Imagine yourself home on the night of a full moon. You’re eating popcorn and watching American Horror Story. You don’t notice your bedroom door creaking open slowly and a pair of yellow eyes glaring at you. Stealthily, it approaches your bed. You feel its fur brush your elbow. You gasp and turn, spilling your popcorn to the floor. And then… you hear purring.
Sound bizarre? Well, reality could be a whole lot freakier. Dr. Johnny Gobble, a Tennessee veterinarian, is behind the creation of a new cat breed–a natural mutation of the domestic shorthair–resulting in a cat that behaves a bit like a dog and looks like something you’d want to keep off the streets of London. They have a fitting name: Lykoi cats.
Greek for “wolf cat”, the Lykoi is the result of a gene mutation observed over the past 20 years. The mutation effects hair follicles, resulting in cats that are nearly hairless on their legs and stomach, as well as on their muzzles and around their eyes. Without an undercoat, they appear to resemble a partially-transformed werewolf. Dr. Gobble noticed this effect of a recessive gene and studied it extensively. After finding two unrelated cats to breed in 2010, the Lykoi were officially recognized as a new breed in 2012 by the International Cat Association. And this new breed exhibits unusual traits. Like a hunting dog, these smart and affectionate creatures are motivated by scent and very loyal to their owners. They also have a fondness for using their paws like hands and are sometimes observed clasping them together in a prayer-like manner.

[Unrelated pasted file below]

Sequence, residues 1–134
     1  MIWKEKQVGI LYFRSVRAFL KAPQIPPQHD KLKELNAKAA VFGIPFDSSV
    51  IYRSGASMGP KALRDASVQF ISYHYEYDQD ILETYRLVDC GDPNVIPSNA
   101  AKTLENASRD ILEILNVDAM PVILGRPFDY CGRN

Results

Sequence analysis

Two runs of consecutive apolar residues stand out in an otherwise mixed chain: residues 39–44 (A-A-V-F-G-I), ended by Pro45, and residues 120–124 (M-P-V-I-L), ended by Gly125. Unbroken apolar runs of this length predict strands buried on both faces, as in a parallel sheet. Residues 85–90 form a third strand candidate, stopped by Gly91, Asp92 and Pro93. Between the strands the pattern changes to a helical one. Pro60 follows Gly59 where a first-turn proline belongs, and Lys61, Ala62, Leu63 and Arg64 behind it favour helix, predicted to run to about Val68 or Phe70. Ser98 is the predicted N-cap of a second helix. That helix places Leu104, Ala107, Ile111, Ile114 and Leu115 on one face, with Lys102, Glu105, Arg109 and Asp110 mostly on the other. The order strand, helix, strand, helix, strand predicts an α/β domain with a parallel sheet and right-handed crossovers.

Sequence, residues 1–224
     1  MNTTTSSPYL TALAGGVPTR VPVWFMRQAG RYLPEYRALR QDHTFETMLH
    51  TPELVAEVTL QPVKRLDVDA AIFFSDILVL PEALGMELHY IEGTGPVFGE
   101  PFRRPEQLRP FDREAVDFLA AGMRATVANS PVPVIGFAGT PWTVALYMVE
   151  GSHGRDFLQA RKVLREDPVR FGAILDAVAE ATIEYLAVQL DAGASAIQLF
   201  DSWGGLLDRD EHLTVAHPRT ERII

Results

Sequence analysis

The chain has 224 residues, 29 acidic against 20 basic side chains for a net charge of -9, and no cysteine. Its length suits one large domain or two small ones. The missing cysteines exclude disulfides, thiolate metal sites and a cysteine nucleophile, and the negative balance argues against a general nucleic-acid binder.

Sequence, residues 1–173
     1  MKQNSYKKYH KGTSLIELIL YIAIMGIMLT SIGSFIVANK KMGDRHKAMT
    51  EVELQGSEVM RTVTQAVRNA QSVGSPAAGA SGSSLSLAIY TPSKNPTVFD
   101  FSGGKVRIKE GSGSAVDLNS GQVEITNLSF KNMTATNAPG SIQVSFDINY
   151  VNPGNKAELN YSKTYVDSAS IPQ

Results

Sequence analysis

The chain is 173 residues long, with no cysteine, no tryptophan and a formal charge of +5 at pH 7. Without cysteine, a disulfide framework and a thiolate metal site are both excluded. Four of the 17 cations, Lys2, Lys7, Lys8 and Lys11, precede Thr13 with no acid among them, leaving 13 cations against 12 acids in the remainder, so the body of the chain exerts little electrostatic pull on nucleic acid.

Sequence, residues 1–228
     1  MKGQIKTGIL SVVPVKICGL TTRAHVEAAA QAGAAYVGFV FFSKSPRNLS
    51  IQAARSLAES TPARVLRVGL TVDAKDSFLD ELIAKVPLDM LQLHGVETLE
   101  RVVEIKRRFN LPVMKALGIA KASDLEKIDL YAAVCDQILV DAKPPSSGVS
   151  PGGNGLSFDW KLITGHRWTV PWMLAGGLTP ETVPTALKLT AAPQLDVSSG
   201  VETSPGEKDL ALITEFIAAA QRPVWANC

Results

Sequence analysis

Of course, they’re not without their controversy. So-called “designer breeds” of dogs and cats often ruffle some fur and raise questions about health and unscrupulous breeding practices. By turning a mutation into a breed, they might be viewed as unnatural abominations, which is ironically the same as werewolves in legend (and possibly real wolfmen). Wally Conron, creator of the “Labradoodle,” knows this the bad sides all too well. Today, he regrets ever making them. Their popularity led to widespread breeding prompted by pure greed without thought of background and genetics resulting in animals prone to problems. “I opened a Pandora’s Box, that’s what I did,” Conron told The Guardian. “I released a Frankenstein.”
Breeding opinions aside, these animals are not monsters. And just like Wolfman and Frankenstein’s Monster, they didn’t choose to be the way that they are. But with a price tag ranging from $1000 to $2500, odds are that you’ll want to stick with looking at pictures of them on the internet for now. As breeding expands, though, they may become more economically attainable, yet you may want to make sure you’re getting them from reputable breeders (like Johnny and Brittney Gobble, the first breeders) who aren’t just out to make a fast buck. There are so many cats in shelters across the country, looking for a good home. Just because they aren’t weirdly unique in appearance doesn’t mean they may not be as quirky as their future owners.
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